Friday Crits: The Zmora (YA Horror)

Carol Knee-Omant would like your opinion on the first 250 words of her new YA Horror, THE ZMORA.  (Cool title, huh!)

This Aussie author has already loaded up the story to Amazon and it is downloadable for free this weekend.  She hopes that our feedback will give her some direction on this still-evolving story. 

Here’s the first 250:  (The synopsis is below.  I always find it helpful.)

The poster fluttered in the howling wind. Its corner tugged free with a snap and it flapped/flew down the street to plaster itself against the wet pavement.

Levi stared at it, trying to focus on the words but they were blurring. Even as he tried to read them, the black ink splaying across the page, mingling, until it became unreadable.

He shrunk further into his coat. He didn’t need to see the words to know what it said. He didn’t need to read the poster to know the effect it had on those who read it.

From the moment the poster had been nailed to poles all over Larsenville, people had changed.
No; it hadn’t been the poster, it had been before that, but the stark white sheets with their huge black letters calling for a town meeting was a culmination of all the guessing. It was an acknowledgement that something was wrong, something they could not fix.

Levi rode his black, ten speed bike through the darkening streets, scrutinizing each house carefully. The town was shrouded in a gloom that seemed to swallow the ground as it advanced. It was winter and the arch of trees overhead were skeletal hands that reached out bony fingers to snatch at his hair as he rode past. He skidded to a halt, the squeal of tyres barely audible over the wind that rushed onwards, rattling rubbish bins. The brightly coloured awnings of houses snapped taut before billowing out at the next onslaught.

And the synopsis:

Levi Puskaric is an ordinary sixteen year old. He has a best friend, James; parents, a sister and a weird Polish grandmother who dresses in black, making signs to ward off evil. Together, Levi and James are ‘The Team’ and one day; they are going to Make It Big. They just haven’t figured out how yet. For ‘The Team’, it doesn’t come bigger than killing a monster and saving the town.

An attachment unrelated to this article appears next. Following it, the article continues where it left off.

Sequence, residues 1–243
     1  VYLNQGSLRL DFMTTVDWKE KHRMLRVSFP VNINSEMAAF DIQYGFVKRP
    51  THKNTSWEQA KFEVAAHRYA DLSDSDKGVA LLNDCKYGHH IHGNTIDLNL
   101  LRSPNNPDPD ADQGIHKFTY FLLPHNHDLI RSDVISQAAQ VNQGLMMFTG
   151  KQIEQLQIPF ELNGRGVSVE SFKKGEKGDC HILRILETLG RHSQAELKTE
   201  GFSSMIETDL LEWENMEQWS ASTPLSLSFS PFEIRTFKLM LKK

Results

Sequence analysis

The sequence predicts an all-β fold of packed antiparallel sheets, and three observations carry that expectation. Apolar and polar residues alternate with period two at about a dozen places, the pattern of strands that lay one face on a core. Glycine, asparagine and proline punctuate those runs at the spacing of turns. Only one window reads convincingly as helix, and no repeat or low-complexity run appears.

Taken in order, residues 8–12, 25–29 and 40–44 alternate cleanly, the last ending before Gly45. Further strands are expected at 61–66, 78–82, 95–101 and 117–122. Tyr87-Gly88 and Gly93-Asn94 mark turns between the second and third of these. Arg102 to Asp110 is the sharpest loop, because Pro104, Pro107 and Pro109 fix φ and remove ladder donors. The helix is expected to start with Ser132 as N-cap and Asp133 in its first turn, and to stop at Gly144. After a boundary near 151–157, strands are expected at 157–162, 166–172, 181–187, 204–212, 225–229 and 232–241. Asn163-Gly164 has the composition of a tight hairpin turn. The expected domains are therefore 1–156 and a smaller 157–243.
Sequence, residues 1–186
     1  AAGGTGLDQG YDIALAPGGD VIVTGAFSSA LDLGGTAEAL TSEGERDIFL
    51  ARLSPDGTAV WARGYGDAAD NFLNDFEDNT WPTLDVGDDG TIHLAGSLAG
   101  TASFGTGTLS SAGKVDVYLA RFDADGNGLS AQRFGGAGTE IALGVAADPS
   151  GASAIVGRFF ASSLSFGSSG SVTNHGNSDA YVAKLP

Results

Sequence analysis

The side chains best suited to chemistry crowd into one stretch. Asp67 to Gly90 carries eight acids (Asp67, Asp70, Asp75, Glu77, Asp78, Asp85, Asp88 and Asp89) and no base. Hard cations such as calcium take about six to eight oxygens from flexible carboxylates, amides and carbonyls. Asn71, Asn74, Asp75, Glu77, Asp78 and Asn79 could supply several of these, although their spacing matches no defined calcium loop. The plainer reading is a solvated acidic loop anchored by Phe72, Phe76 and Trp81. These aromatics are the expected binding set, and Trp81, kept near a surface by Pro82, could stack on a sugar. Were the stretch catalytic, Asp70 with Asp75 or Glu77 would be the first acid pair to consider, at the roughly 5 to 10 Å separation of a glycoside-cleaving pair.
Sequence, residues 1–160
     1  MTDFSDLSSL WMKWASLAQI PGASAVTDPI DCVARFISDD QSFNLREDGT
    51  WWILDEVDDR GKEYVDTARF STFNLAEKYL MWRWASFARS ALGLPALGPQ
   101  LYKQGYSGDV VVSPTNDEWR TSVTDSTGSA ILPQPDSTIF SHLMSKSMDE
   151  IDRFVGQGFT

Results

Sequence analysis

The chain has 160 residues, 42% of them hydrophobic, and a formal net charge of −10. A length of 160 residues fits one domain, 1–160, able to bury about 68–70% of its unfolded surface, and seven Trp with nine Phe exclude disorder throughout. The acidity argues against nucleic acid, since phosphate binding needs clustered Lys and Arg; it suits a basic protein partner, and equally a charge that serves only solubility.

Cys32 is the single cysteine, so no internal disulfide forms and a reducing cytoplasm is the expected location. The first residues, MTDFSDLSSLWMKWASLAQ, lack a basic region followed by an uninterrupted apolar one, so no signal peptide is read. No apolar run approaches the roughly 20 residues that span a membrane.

Thanks for your participation!  Carol and I both appreciate it!

4 Comments

  • Becky Wallace

    Hi Carol! Thanks again for participating! It’s a great start to a story and I want to know what the posters say!

    My thoughts are as follows:

    1. Lose the flapped/flew. I’d just pick one verb.
    2. I would drop or combine the second or third paragraph. If he knows what they say, why is he trying to read them?
    3. The last paragraph does a great job making the scene seem creepy, but I think I’d change up the imagery a little. I’ve read similar skeletal trees/branches as fingers before and would like to see something a little fresher. Maybe you just leave it at the ground-eating gloom? I like that.

    And that’s all I’ve got! Good luck! <3 <3

  • Melodie Wright

    I like your atmosphere, Carol!
    But I’d rather know what the posters say. IMHO, lead with that before going into the rest. Your hook right now just isn’t there – you’ve got atmosphere but no tension. “People had changed” and “something was wrong” is too vague. Show us how they changed – give us examples of before and after. Make it creepy enough, with Levi as the clear hero, so I want to turn the page.
    Good luck!

  • Laura C.

    Hi Carol!
    I liked it more and more as I read. I think you did a very good job piquing interest so people would read on. The language and synopsis strike me as MG rather than YA, though.

    Here’s a few notes:
    The poster fluttered in the howling wind. (Perhaps you can find something more unusual than ‘howling’? Seems to me I’ve seen that a lot.) Its corner tugged free with a snap and it flapped/flew (Becky’s right; choose one.) down the street to plaster itself against the wet pavement.

    Levi stared at it, trying to focus on the words but they [were blurring] (blurred). Even as he tried to read them, the black ink [splaying across the page, mingling,] (splayed across the page, letters mingling together,) until it became unreadable.

    He shrunk further into his coat. He didn’t need to see the words to know what it said. (Then why was he staring at it and trying to read it?)

    From the moment the poster had been nailed to poles all over Larsenville, people had changed.
    No[;] (comma) it hadn’t been the poster[,] (semi-colon) it had been before that, [but the] (. The) stark white sheets with their huge black letters calling for a town meeting was a culmination of all the guessing.

Leave a Reply to Laura C. Cancel reply

Your email address will not be published.

css.php